It is difficult to delegate and implement a chore chart or task list for children to complete. The words “do your chores” bring a feeling of dread amongst all, whether a child is four or fourteen. However, many studies have found that when households have a regular chore structure in place, children and teens benefit greatly! Additionally, when we teach our children to do chores, we are essentially preparing them to eventually be independent individuals. We are aware that teaching a three-year-old the basics of independence is not the most age appropriate expectation, but you’ll thank us when they’re thirteen and doing the dishes all by themselves! Keep in mind that we want to give our children small and achievable responsibilities, to help their self-reliance and their level of accountability. Here are some ways that children benefit from chores, and some tips on getting your children to complete their checklists.
My parents once told me: “You can’t do what you want to do until you’ve done what you have to do.” As a teenager, these words meant little to me. As an adult, I can now appreciate what they were trying to teach me. It is vital that children and teens understand why they are being asked to do their chores. They must understand that chores are not a punishment, nor do they reap any reward. Chores are simply shared responsibilities that must be done to maintain a wholesome household. If you’re looking for a list of age appropriate chores, this is a great article that might help!
The best way to ensure that your child never “forgets” to do a chore is to create a chore chart and place it in a very central area in the house; we recommend the fridge. This is a great way to skip all the nagging and negotiating with your child or teen. Looking for some inspiration for your chore chart? Here's a chart that we made with age appropriate chores, and a blank template if you want to build your own chore chart!
Another great way to avoid the constant repetition and running after your children to do their chores is to set time limits for their tasks. Add these to your chore chart so that they know precisely when specific tasks need to be complete or give them a verbal time frame in which you would like them to complete a particular task. Another twist to this trick is presenting this time limit as a challenge, which typically works with younger children.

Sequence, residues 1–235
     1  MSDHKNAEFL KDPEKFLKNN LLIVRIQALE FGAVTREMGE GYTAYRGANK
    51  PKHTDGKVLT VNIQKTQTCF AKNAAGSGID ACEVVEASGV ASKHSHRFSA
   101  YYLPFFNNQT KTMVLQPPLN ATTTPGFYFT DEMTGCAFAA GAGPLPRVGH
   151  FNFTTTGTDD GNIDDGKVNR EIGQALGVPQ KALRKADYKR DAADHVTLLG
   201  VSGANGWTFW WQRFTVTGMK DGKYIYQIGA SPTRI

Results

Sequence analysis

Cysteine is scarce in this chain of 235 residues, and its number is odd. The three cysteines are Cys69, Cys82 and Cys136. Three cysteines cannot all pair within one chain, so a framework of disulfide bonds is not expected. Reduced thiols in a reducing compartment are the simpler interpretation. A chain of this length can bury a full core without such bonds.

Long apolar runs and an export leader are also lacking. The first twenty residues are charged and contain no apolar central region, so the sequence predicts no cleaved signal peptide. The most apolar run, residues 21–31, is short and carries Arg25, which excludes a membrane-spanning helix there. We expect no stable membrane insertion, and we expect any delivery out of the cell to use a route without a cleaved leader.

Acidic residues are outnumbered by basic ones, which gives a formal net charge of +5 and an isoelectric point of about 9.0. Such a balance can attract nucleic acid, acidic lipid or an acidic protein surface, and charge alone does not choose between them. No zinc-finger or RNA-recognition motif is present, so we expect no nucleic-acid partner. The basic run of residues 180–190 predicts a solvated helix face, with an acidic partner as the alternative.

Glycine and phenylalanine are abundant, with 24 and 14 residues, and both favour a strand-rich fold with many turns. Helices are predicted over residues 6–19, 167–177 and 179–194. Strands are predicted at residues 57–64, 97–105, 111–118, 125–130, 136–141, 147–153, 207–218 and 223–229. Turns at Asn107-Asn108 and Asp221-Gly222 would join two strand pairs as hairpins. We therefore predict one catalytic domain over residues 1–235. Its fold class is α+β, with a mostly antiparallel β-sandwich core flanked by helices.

Become Successful Adults: Martin Rossman from the University of Minnesota conducted a longitudinal study that took place over the span of 20 years. Rossman found that children that started chores at ages 3-4 were more likely to succeed in life and have better relationships.Develop Fine, and Gross Motor Skills: Not all skills taught have to be turned into lifelong philosophical lessons! Young children have great opportunities to develop hands-on physical skills when performing household tasks. Helping out in the kitchen by measuring ingredients can be a great task to improve physical and cognitive development. Have you heard that Laurus has a Year-Round Cooking Program for Little Chefs? Click the link for details!
Learn the Value of Independence: Parents want to prepare their teens and young adults for real life to the best of their abilities. Teaching your teen to clean up after themselves, and cook a meal instills a great sense of confidence in both you and your child. Knowing that your teenager is progressing into young adulthood with a proper set of life skills under their belt is a reassuring feeling. Additionally, your teen will feel a great sense of pride when they make their first meal by themselves! Would you like for your teen to learn how to cook? Laurus offers a Year-Round Cooking Program for Teens as well! Click the link to find out more!Understand Delayed Gratification: It all boils down to this; Do what you have to do before doing what you want to do. It certainly feels terrific to play video games or watch Netflix all day as an adult, but it feels so much better when we know that our to-do list is complete! Instill this feeling of delayed gratification into your teen's life, and everyone wins!Remember that implementing a new system into a household can be a difficult task, and it will not happen overnight. Patience and consistency are key, and before you know it, your kids will be cooking and cleaning up a storm!